Duel fencing
Duel fencing, different from sports or artistic fencings, began in France in the years 2000. By studying ancient sources, we rediscover what may have constituted historical martial arts in Europe. This work fits into this logic.
In spite of their common points, sports fencing and duel fencing are completely different in their philosophy. In sports fencing, the winner is the first one to reach 15 points. All the hits have the same value (hits to the foot, the hand, or the face). If the opponents hit themselves simultaneously, each one scores (sword fighting). For foil or saber combat, the referee indicates which hit is valid, according to priority. In duel fencing, you have to make your opponent unable to harm you. That is why a thrust to the throat doesn’t harm as much as a gash to the left wrist. The simultaneous hit, also known as “the two widows hit”, ends with the death of both fighters. Sports fencing is a fencing of opportunity: you have to hit, whatever the risks may be. Duel fencing is a fencing of control: your first objective is to avoid being hit. The opponents must constantly keep in mind during the whole combat the goal of survival and the logic of defense. As we are not dying for real, beginners tend to forget this philosophy too often, and they throw themselves head first toward the opponent, hoping to hit him, and ignoring their own safety. In a duel, it is better not to hit and not to be hit, rather than harm your opponent and be harmed as well.

The rules of dueling
In the duels we practice, as we do not die for real, rules are necessary to systematize the combat. Here are some of the rules I think are important to be the closest possible to the real duel. Feel free to accept them or not.
A fencer, receiving a wound which would be fatal or too disabling to go on fighting, surrenders. The following hits are considered fatal or too disabling: thrusts above the belt or to the shoulders, cuts and to the throat, the head, inside the elbow, the wrist, the knee, or inside the thigh (femoral artery). In the absence of a ‘fatal wound’, the other three wounds are enough to win the duel.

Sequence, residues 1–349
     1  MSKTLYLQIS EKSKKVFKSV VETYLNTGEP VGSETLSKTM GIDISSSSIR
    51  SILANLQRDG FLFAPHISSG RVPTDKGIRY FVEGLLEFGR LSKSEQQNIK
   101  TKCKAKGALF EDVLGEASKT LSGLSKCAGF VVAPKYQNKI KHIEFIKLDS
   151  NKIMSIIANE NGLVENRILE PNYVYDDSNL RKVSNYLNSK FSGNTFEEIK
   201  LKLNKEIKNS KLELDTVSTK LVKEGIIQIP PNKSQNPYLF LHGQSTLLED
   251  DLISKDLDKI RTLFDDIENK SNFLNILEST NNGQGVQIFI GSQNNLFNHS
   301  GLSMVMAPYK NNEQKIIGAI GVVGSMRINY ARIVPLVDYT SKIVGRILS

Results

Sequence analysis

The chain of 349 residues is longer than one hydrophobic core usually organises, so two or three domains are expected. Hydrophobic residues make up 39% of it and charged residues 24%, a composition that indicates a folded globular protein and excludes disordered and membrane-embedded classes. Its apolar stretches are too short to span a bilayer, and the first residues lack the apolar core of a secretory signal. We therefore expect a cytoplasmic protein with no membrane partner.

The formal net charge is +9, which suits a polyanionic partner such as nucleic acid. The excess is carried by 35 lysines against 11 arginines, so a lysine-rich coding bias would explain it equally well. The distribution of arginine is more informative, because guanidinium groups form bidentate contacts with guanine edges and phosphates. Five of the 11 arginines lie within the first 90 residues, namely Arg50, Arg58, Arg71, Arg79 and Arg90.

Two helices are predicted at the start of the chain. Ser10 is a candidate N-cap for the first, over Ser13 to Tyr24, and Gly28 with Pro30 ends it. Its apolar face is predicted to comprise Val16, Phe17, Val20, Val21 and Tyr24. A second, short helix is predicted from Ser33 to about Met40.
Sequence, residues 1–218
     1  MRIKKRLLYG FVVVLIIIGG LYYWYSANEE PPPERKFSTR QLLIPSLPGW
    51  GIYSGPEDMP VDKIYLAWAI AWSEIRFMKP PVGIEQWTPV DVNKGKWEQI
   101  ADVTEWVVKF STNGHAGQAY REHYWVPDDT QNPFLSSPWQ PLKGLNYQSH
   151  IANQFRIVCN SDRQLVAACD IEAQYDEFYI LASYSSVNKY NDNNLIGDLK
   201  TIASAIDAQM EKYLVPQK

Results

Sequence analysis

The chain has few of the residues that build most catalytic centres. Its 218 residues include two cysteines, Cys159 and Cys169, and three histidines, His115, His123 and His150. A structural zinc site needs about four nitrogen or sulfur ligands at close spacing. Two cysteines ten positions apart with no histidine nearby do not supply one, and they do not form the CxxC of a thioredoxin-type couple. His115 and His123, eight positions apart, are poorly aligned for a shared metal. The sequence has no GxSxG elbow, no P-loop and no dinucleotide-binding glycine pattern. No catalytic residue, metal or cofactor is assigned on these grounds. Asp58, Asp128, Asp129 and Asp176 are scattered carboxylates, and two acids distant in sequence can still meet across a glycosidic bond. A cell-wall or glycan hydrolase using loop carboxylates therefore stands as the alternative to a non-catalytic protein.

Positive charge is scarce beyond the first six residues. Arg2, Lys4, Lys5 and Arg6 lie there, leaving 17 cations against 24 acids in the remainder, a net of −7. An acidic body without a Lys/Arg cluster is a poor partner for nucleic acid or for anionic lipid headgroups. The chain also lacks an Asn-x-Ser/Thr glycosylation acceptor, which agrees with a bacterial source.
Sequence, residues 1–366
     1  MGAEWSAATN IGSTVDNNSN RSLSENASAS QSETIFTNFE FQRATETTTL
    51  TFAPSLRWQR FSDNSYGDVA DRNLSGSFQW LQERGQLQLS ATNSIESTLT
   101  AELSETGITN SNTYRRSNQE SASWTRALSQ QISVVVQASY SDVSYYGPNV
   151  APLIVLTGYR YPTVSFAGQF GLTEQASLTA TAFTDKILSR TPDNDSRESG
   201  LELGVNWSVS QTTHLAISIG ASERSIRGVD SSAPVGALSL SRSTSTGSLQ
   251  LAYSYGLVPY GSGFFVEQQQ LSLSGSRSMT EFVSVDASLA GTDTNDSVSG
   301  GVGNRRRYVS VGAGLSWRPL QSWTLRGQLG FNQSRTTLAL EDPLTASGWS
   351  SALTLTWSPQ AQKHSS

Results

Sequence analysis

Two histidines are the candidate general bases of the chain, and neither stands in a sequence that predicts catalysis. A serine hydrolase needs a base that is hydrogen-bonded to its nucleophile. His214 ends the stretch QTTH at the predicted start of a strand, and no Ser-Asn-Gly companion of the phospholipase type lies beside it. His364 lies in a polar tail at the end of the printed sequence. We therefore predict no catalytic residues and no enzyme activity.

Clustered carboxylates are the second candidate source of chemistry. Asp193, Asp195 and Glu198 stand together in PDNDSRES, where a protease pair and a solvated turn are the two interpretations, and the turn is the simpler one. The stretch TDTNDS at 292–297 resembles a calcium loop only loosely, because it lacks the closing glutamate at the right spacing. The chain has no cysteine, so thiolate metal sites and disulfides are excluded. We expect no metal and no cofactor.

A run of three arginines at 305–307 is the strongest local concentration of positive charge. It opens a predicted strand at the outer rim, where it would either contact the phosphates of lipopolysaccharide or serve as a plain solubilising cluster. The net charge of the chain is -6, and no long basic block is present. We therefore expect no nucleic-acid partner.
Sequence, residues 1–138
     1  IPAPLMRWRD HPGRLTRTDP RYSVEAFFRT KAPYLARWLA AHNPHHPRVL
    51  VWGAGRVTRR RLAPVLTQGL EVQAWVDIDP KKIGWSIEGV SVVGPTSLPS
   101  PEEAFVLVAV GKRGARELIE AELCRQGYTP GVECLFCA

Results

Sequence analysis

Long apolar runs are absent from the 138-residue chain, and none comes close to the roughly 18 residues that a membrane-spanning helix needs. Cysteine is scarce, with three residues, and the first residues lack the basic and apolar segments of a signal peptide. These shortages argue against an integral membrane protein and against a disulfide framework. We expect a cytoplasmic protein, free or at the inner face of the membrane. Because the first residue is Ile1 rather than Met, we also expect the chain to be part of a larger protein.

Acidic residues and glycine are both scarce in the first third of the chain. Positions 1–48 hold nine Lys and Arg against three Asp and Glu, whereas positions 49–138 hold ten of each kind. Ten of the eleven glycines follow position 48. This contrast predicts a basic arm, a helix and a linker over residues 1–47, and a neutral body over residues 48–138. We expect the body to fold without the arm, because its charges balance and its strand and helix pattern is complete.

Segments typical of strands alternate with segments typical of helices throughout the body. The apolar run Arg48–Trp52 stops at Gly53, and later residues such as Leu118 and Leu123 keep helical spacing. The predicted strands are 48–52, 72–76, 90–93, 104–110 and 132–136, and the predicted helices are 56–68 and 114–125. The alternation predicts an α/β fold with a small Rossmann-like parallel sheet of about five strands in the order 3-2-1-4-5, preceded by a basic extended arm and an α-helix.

Grappling is prohibited for three reasons: it symbolizes the failure of Destreza, it is difficult to deal with them and they are dangerous. If the opponents are lead to a situation of hand-to-hand fights, they walk away, and resume the combat. With experience, you will learn how to avoid these situations, even with an opponent throwing himself at you.
The use of the left hand is permitted in duel fencing. With your left hand, you are allowed to hold a dagger, a shield, a cloak, or you are allowed to use it naked, for parry or disarming. It is possible to push away the opponent’s blade with your unarmed hand but holding is only permitted in very specific conditions. I can quite understand, as some masters advise I, that you can accept to be hit to the left hand to kill your opponent. But there is a large difference between a gash to the hand and sacrificing one’s hand by firmly holding the point or the sharpest part of the opponent’s blade. That is why the holding of the blade is only permitted on the fifteen or twenty strongest centimeters of the blade or on the hilt. The rest is up to the fencers.

Duel fencing can only be safely practiced with adapted equipment. When it comes to swords, do not choose the rapiers made for theatrical fencing. They are more fragile, break easily, and place fighters in danger as they are not adapted to dueling. Publicity for my friend David: buy your dueling equipment on

Book layout
The book is organized in two parts. Chapters 1 to 9 gather all the concepts on which the Destreza is based: lines, circles, angles, plans, movements, distances and vocabulary. It is complex, especially for beginners, but nonetheless contains everything necessary to understanding the logic of Destreza. Chapters 10 to 19 explain the steps, the atajos, the techniques and all the exercises necessary to mastering the rapier.
Even though this book contains numerous photographs and prints from Nobleza de la Espada by Rada, it is the text which is the most important and the pictures are simply here to illustrate. I consider the text offers more accurate descriptions and is better to clarify some important details. Moreover, the text entails a deeper thought process than the pictures. This is why I place emphasis on the text.
Enjoy your reading.

This text is an excerpt of the book Destreza Historical Fencing. All right reserved - Sébastien Romagnan.